All the way to kingdom come

by Demi Prentiss

Photo by Dan Evans

Christians all over the world say the Lord’s Prayer often, in worship and in private prayer, and typically know the “prayer that Jesus taught us” by heart.  Like many of the things we do almost without having to think about it, we can come to say the words thoughtlessly. Sometimes the words lose their meaning for us.

“Your kingdom come” is one of those phrases that slips by, almost without our noticing – without our noticing that what we are praying for is the reign of God, on earth, right here, right now. And by offering that prayer, we’re acknowledging the part we have been created to play in the coming of that reign. We’re the children of God – whose kingdom we pray for – and “heirs through hope of [God’s] everlasting kingdom.” (BCP p. 339)

Learning to perceive God in action everywhere we find ourselves is one way we can begin to realize the in-breaking of the reign of God, sometimes in the most unexpected places. On occasion, we are allowed to see that our own actions might be aligned with living in the kingdom, in present time, in our daily lives.

This past weekend, the angels ushered Rachel Held Evans into the nearer presence of God, weeks after a reaction to antibiotics caused doctors to place her in a medically-induced coma. At age 37, she leaves a husband and two young children mourning her death, as well as a host of readers who found her a refreshing and liberating voice among writers who blog about religion. Evans was an Episcopalian and attended St. Luke’s Episcopal Church in Cleveland, Tennessee.  Her books have been much-discussed and debated. As reported in the Washington Post, “Rachel’s presence in this world was a gift to us all, and her work will long survive her,” her husband Dan Evans wrote on Saturday.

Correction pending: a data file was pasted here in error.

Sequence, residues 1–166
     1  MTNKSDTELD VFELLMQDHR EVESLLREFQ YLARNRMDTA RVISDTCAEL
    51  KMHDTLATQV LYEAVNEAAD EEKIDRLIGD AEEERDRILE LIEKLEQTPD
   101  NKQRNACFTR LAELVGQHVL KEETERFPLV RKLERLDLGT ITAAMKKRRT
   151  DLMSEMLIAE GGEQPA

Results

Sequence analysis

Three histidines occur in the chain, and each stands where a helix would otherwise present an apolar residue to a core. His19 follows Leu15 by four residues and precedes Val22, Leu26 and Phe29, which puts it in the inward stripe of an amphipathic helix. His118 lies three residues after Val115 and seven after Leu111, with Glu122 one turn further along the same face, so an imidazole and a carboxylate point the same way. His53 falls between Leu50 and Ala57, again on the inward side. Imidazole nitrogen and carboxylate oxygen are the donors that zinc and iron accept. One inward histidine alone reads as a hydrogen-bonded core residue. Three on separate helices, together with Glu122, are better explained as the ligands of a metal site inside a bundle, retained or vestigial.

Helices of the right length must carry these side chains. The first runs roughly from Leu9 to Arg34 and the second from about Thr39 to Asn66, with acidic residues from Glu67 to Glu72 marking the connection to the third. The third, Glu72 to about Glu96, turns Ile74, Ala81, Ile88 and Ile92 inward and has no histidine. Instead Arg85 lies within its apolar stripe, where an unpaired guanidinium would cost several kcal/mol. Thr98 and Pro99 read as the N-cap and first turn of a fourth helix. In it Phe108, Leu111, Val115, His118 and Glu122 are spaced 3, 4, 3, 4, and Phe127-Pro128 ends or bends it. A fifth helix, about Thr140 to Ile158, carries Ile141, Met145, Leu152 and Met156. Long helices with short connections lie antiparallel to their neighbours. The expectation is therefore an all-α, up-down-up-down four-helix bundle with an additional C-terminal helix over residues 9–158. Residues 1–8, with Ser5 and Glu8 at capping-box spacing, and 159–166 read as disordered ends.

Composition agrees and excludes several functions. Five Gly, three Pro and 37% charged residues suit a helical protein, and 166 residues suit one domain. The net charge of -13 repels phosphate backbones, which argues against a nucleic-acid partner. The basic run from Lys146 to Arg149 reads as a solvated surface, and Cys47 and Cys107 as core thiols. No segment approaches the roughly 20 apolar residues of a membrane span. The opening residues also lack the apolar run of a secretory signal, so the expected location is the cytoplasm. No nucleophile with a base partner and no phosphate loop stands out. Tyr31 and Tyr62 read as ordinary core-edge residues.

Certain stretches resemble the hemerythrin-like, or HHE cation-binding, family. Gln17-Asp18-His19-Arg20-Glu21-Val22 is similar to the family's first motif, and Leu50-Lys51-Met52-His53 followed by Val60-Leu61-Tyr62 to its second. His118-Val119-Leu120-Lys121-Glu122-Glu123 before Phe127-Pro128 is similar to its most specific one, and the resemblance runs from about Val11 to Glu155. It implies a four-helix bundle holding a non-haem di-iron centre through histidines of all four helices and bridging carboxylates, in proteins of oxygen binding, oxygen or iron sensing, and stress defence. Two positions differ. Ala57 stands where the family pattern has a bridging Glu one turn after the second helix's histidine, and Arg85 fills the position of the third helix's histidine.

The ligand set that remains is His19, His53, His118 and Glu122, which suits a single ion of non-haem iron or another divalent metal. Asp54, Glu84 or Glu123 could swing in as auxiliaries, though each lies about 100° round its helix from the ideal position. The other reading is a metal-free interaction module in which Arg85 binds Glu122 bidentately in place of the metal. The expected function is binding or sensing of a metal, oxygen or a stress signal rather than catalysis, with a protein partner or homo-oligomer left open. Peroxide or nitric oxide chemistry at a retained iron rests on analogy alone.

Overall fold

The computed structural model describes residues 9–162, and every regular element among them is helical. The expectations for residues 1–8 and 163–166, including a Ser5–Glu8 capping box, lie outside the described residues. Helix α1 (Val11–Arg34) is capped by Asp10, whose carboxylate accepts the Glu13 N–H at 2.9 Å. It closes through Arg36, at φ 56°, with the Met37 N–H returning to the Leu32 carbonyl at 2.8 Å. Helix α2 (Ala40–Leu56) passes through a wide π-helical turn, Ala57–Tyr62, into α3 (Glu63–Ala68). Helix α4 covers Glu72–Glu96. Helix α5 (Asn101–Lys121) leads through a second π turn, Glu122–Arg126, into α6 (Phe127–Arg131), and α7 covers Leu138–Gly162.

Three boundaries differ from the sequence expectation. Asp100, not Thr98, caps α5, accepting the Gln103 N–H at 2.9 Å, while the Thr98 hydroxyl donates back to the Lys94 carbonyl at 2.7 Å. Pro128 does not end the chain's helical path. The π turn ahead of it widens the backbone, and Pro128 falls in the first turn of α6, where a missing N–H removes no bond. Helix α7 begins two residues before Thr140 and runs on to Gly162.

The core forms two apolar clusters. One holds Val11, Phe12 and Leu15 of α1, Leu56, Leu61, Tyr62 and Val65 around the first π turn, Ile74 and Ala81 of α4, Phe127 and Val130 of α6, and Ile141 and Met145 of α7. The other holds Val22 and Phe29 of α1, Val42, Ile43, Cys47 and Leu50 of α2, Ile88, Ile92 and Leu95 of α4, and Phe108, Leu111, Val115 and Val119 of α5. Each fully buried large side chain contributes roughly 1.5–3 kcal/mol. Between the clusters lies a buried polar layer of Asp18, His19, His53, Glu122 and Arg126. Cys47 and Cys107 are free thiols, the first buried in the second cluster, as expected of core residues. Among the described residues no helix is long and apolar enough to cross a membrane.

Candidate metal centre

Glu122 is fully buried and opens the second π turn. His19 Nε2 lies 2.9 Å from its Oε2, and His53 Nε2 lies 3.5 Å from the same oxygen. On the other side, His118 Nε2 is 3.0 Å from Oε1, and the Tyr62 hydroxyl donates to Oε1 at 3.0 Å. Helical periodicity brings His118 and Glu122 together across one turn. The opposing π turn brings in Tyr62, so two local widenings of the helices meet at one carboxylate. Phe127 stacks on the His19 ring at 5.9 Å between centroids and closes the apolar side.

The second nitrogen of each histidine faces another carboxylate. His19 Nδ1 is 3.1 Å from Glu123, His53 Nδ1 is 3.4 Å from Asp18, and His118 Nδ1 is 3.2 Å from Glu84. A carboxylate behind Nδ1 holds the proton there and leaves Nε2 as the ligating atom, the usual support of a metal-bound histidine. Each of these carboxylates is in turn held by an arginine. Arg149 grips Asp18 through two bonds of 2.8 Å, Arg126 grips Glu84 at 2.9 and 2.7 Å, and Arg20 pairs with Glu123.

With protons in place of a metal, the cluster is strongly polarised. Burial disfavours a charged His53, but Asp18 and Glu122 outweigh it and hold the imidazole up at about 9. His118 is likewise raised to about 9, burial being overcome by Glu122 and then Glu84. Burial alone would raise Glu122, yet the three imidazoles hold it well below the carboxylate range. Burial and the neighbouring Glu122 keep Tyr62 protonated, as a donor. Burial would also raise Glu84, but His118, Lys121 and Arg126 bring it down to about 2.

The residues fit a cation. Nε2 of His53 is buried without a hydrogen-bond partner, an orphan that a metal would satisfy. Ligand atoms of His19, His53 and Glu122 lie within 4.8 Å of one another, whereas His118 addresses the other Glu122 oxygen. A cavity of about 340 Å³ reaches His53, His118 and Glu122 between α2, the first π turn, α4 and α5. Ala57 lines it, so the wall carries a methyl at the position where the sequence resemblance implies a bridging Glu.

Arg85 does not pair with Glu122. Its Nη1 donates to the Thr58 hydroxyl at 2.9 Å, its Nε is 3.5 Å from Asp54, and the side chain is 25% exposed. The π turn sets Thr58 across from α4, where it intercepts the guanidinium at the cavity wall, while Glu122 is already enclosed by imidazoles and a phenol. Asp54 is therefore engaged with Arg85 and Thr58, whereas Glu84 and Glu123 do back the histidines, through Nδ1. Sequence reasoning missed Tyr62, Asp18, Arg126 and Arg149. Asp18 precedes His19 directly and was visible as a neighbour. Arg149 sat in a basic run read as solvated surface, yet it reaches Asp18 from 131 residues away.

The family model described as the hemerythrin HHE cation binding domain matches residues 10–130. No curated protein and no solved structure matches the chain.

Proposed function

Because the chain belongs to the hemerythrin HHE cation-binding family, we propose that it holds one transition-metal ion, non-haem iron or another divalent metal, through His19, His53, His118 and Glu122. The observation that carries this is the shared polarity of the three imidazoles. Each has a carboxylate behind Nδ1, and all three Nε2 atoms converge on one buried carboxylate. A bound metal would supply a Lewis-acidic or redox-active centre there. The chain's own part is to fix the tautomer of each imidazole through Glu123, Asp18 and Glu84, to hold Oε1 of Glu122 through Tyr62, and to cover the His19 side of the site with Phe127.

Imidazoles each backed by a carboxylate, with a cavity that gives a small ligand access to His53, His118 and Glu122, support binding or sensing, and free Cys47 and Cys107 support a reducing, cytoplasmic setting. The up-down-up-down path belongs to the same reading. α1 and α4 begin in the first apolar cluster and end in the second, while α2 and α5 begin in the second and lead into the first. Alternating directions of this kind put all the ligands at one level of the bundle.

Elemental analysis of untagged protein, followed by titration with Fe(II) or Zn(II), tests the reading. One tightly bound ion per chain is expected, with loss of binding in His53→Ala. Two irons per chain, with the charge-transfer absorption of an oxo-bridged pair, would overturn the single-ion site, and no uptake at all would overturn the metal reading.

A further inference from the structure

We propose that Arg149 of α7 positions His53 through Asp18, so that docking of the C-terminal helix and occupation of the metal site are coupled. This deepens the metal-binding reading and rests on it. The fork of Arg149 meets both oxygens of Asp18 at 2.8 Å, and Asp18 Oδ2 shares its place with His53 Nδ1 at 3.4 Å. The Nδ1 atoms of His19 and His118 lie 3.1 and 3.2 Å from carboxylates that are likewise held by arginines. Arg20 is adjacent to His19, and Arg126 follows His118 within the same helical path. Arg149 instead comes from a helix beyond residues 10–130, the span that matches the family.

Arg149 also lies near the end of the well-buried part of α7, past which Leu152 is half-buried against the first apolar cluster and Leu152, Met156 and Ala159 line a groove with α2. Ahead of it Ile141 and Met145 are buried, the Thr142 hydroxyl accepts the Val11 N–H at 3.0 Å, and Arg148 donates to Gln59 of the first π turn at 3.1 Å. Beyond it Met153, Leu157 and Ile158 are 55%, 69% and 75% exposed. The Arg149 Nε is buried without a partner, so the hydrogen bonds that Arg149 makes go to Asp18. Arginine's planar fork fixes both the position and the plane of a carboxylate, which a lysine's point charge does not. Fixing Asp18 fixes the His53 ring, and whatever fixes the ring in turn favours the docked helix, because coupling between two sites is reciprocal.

Rachel’s writing helped many people perceive the reign of God in a more-accessible, practical way. She spoke of God’s reign as allowing each person to be the beloved creation God envisioned. In honor of her life and her witness – her “baptismal mission,” her “ministry in daily life” – here are some of her words:

This is what God’s kingdom is like: a bunch of outcasts and oddballs gathered at a table, not because they are rich or worthy or good, but because they are hungry, because they said yes. And there’s always room for more.

― Rachel Held Evans, Searching for Sunday: Loving, Leaving, and Finding the Church

 

We might say the kingdom is like St. Lydia’s in Brooklyn where strangers come together and remember Jesus when they eat. The kingdom is like the Refuge in Denver, where addicts and academics, single moms and suburban housewives come together to tell each other the truth. The kingdom is like Thistle Farms where women heal from abuse by helping to heal others. The kingdom is like the church that would rather die than cast two of its own out the doors because they are gay. The kingdom is like St. Luke’s Episcopal Church in Cleveland, Tennessee, where you are loved just for showing up. And even still, the kingdom remains a mystery just beyond our grasp. It is here, and not yet, present and still to come. Consummation, whatever that means, awaits us. Until then, all we have are metaphors. All we have are almosts and not quites and wayside shrines. All we have are imperfect people in an imperfect world doing their best to produce outward signs of inward grace and stumbling all along the way. All we have is this church—this lousy, screwed-up, glorious church—which, by God’s grace, is enough.